I think your advice and tips will prove invaluable - here's just one question to be going on with - how difficult is it to read the sex scenes aloud (in my case - especially as I'll have written them myself and my Mum will hear them...!)
    Anyway - that's long enough - thanks for reading. And thanks for blogging!

  4. With you on that. I once narrated a TV series with no time or budget for proper post, so the music was being added at the same time, all directly onto the digital video tape. Any fluff meant that we had to go all the way back to the start of the current music track. No pressure, then!

  5. Hi Gilly! Thanks for stopping by.

    Sounds like an exciting project - I'm sure narrating your own stuff will have its challenges (in my experience, writers like to 'rewrite' during the audio stage... :oD), but what a great adventure.

    And what a great idea for a blogpost! Inspired by you, I'll tackle sex scenes next week.

    In the meantime, trust me: do NOT think of your Mum when you're narrating sex scenes! :oD))

  6. Yikes! Richard! That's nuts! Well done for getting through it.... I think I might've been tempted to flounce out in a huff... :o)

  7. I respectfully disagree. With an engineer who knows what he or she is doing, "Rock 'N' Roll" is far more efficient than "Fluff and Repeat," An on-the-fly edit takes exactly two seconds (mark, roll back, play) whereas editing the double-takes out in post adds more than two seconds (each double take) to prepping the recording (to go over to quality control.) Moreover. with the one or two narrators we have had who have insisted on the "Fluff and Repeat" way, very often, in the re-take, the narrator will "adjust" the interpretation ever so slightly beyond simply correcting a fluffed word. Some narrators actually like to spend precious studio time to take the opportunity to give "alternate" readings," second-guessing themselves. "Rock'N' Roll" keeps the narrator focused and on track. "Fluff and Repeat" not only drives up studio hours and the post hours, but it delays payment to the narrator who is usually paid by the finished hour.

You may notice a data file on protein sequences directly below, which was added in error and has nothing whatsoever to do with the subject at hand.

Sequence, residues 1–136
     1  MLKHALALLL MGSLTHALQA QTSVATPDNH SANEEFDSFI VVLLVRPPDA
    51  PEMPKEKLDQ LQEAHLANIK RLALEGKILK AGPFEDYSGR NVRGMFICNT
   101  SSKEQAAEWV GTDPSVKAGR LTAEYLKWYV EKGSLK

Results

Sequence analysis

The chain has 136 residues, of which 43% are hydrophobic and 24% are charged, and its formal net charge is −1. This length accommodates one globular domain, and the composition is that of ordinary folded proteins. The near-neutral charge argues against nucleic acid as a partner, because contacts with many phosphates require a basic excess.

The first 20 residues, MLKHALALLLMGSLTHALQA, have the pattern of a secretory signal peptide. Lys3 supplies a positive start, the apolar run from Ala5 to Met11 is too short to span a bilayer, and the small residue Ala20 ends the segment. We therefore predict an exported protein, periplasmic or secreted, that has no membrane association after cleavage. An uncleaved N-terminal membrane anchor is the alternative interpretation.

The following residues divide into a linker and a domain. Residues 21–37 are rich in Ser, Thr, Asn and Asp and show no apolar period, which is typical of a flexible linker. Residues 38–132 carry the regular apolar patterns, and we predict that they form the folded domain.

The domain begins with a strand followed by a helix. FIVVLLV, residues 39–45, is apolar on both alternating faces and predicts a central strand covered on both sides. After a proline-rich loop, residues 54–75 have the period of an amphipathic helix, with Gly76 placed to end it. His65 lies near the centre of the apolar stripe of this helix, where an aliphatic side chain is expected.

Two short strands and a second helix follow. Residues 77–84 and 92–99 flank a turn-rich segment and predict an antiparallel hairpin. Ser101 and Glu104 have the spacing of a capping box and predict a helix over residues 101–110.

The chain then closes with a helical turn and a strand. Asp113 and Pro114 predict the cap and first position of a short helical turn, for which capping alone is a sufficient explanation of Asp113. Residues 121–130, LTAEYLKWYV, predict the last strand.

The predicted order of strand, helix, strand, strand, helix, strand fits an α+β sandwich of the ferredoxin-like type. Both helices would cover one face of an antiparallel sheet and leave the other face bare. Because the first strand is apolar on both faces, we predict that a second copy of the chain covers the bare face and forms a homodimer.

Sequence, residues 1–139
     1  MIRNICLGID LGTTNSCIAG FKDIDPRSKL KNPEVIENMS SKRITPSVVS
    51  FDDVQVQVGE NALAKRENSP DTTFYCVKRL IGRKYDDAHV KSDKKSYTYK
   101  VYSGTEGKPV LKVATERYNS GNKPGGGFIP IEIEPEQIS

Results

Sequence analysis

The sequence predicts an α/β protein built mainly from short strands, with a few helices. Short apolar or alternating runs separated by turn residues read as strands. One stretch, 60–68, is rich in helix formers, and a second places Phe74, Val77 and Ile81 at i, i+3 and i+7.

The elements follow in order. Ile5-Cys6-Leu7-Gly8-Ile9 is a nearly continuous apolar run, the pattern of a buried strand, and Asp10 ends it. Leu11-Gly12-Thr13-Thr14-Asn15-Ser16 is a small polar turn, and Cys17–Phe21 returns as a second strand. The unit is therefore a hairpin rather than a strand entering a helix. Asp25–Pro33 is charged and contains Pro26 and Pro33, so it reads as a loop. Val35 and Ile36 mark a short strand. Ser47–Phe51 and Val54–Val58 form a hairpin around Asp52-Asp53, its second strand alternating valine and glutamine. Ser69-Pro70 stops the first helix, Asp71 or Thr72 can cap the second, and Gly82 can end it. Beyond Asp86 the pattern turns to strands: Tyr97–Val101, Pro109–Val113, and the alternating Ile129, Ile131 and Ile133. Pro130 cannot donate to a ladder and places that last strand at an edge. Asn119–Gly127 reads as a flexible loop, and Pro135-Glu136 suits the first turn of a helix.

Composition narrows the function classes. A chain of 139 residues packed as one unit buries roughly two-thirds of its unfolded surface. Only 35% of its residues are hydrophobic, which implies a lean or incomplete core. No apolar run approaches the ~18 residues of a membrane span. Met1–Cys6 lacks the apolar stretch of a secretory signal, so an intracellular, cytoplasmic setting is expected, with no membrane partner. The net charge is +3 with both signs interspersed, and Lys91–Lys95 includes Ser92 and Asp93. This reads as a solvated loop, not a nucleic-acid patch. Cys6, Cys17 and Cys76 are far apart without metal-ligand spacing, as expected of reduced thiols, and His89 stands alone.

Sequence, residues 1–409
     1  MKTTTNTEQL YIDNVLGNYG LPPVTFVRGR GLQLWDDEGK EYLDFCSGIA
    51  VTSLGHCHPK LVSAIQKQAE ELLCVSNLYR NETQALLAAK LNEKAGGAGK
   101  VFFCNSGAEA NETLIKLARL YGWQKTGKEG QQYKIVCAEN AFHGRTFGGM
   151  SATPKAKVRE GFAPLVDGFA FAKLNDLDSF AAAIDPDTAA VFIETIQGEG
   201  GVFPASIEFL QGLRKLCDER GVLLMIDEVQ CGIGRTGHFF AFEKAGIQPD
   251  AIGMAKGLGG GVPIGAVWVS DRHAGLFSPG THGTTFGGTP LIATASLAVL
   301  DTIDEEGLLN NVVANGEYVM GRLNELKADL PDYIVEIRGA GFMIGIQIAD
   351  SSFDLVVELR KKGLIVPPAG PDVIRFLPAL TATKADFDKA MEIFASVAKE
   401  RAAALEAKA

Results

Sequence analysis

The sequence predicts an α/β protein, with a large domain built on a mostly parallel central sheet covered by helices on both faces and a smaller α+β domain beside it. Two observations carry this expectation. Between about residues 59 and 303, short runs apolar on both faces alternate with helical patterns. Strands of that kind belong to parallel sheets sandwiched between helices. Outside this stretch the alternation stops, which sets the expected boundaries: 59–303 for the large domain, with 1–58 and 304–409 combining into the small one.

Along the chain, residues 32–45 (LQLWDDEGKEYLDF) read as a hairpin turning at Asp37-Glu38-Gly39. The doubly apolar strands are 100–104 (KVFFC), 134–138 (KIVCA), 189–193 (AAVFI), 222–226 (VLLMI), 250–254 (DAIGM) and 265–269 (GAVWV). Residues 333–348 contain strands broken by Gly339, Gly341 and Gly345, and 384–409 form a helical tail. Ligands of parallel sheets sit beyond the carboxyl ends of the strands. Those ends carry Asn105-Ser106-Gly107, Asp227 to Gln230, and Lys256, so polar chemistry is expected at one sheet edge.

8. Okay. So I'm way late getting in the game here, but I just saw this post. I've been narrating for about 5 years now (I don't count my first two years of narrating a decade ago because I was so bad). I currently only work with one studio (wish I could expand that) and I have to say I didn't even know that 'fluff and repeat' was an option! Oh, how I would love to just keep going.

    Mostly, I just do what is easiest for the engineer. If it's an engineer who can find mistakes easily, then I'll read until I've made a few mistakes, go back and plug the mistakes in. If it's an engineer that has a hard time finding punches, I stop when I make a mistake, fix it on the spot and move on. And if I have a director that is hard of hearing (it happens), I try to stop myself and fix any issues before going any further.

    Going back actually annoys me. Especially if an engineer takes forever to find the punch....then you lose all sense of energy with a scene.

    Luckily, most of my mistakes are more burp-caused than word-caused. It's ridiculous, but I'm proud of that.

  9. Really interesting to read both of your comments!

    dog eared copy, we will have to agree to disagree1 :oD

    Tanya, I agree about punching in - if it's not lightning-quick, it's SO annoying!

    Burping. An occupational hazard.